Saint Matthew the Apostle

September 21: Saint Matthew, Apostle, Evangelist—Feast

First Century
Patron Saint of civil servants, accountants, bankers, bookkeepers, customs officers, financial officers, guards, moneychangers, money managers, stockbrokers, and tax collectors
Pre-Congregation canonization
Liturgical Color: Red

As Jesus passed on from there, he saw a man named Matthew sitting at the customs post. He said to him, “Follow me.” And he got up and followed him. While he was at table in his house, many tax collectors and sinners came and sat with Jesus and his disciples. The Pharisees saw this and said to his disciples, “Why does your teacher eat with tax collectors and sinners?” He heard this and said, “Those who are well do not need a physician, but the sick do. Go and learn the meaning of the words, ‘I desire mercy, not sacrifice.’ I did not come to call the righteous but sinners.” ~Matthew 9:9–13

At the time that Jesus began His public ministry, Galilee was part of the Roman Empire. Among the expectations of the Roman authorities was that all who lived under their rule pay taxes. To accomplish this, they often collaborated with local Jews, authorizing them to collect taxes on behalf of the Roman emperor and local governor. The rest of the community often despised the local tax collectors because they were seen as traitors to their people for entering into an oppressive collaboration with the Roman authorities. Even the tax collectors’ families were shunned. For example, their children were often seen as unsuitable as potential spouses. Additionally, many tax collectors were corrupt, imposing more taxes upon the people than they had a legal right to do. The Roman authorities usually overlooked this abuse because they often received a portion of the excess. The tax collectors pocketed the rest. It is within this context that today’s saint, Saint Matthew the Apostle and Evangelist, emerged.

Saint Matthew was most likely born as Levi, the son of Alphaeus. Though nothing is known about his childhood, Levi became a tax collector for the Roman authorities. The name “Levi” implies that he was from the Tribe of Levi, the tribe responsible for Jewish liturgical worship. Though scholars cannot arrive at a definitive conclusion about the details of his life, it is almost universally accepted that the Levi mentioned in Mark 2:14 and Luke 5:27 is the same person mentioned in Matthew 9:9 by the name Matthew. Levi might have been his original name, and Matthew may have been the name given to him by Jesus upon his conversion. The name Matthew means “Gift of Yahweh.”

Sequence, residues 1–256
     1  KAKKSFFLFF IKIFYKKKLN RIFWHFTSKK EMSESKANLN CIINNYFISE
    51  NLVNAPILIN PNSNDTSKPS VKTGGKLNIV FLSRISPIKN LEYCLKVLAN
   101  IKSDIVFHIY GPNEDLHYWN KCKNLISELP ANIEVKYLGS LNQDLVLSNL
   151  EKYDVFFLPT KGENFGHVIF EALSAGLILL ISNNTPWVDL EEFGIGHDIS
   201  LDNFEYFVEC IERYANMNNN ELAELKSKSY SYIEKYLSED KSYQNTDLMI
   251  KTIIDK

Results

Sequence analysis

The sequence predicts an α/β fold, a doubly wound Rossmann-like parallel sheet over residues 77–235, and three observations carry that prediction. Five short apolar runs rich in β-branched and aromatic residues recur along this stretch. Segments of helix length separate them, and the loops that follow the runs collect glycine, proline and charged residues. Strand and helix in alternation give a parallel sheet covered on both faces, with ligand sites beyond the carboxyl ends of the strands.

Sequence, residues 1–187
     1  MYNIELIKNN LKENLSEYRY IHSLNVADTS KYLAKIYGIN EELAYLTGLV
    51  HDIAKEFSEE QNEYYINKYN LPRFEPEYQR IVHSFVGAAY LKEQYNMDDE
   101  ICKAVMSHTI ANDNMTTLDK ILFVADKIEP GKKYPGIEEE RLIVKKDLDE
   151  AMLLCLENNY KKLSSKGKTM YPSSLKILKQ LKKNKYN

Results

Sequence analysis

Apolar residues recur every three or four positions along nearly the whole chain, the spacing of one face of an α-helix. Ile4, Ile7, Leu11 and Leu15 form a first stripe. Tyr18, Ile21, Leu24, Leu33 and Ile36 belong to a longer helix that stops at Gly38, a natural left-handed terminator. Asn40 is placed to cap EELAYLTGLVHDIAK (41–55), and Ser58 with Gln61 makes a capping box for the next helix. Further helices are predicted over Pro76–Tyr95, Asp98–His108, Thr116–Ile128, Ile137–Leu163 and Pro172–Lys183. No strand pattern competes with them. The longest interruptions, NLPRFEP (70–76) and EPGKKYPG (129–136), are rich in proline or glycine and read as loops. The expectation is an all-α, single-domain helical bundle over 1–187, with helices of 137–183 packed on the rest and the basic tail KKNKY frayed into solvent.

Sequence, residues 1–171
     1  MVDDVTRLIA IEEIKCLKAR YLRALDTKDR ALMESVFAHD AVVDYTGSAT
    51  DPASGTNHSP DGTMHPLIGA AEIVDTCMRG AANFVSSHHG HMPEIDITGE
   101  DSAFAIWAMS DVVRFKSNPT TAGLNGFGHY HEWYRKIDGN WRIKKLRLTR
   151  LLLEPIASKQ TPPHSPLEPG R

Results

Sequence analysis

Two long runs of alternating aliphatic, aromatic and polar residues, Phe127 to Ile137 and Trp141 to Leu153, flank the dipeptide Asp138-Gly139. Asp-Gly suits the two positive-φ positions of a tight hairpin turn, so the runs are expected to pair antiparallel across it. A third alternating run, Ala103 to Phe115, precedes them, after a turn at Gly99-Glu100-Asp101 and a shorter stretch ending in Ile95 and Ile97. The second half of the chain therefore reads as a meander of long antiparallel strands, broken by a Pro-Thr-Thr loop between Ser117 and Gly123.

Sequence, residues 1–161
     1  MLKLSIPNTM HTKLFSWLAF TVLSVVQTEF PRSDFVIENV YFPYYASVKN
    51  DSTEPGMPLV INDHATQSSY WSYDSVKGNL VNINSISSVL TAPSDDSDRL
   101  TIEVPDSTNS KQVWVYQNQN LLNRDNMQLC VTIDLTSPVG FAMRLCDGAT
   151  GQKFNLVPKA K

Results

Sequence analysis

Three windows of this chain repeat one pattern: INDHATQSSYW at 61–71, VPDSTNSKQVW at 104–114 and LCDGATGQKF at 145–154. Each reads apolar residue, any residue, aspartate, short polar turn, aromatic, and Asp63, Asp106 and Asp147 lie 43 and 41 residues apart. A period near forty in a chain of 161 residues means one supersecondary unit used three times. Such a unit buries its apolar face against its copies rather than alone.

Levi’s call to follow Jesus was short but profound. He was a man clearly weighed down by his decision to betray his Levitical heritage by working for the Roman authorities to collect taxes for them. He might have been corrupt, greedy, and ostracized by his Jewish community. Most likely, his tax collecting took place in Capernaum, where Jesus had been living in Peter’s home. His duties likely involved gathering taxes on goods that came to Capernaum by way of the Sea of Galilee, as well as collecting a toll from those who arrived in that city by boat. When Jesus began His public ministry, many people took notice. Though there is no biblical account of Matthew listening to Jesus preach prior to his being called, it is reasonable to assume that he did hear about our Lord, and possibly even listened to Him preach in Capernaum. Matthew’s Gospel relates the conversion of the tax collector this way, “As Jesus passed on from there, he saw a man named Matthew sitting at the customs post. He said to him, ‘Follow me.’ And he got up and followed him” (Matthew 9:9). There was no hesitancy. In an instant, the tax collector’s life changed.

Immediately after Matthew abandoned his occupation, he invited Jesus to dine at his house and Jesus accepted. Dining with them were other tax collectors and sinners. As a result, the self-righteous Pharisees quickly condemned Jesus for associating Himself with these men. Jesus, however, rebukes the Pharisees, saying, “Those who are well do not need a physician, but the sick do. Go and learn the meaning of the words, ‘I desire mercy, not sacrifice.’ I did not come to call the righteous but sinners” (Matthew 9:12–13).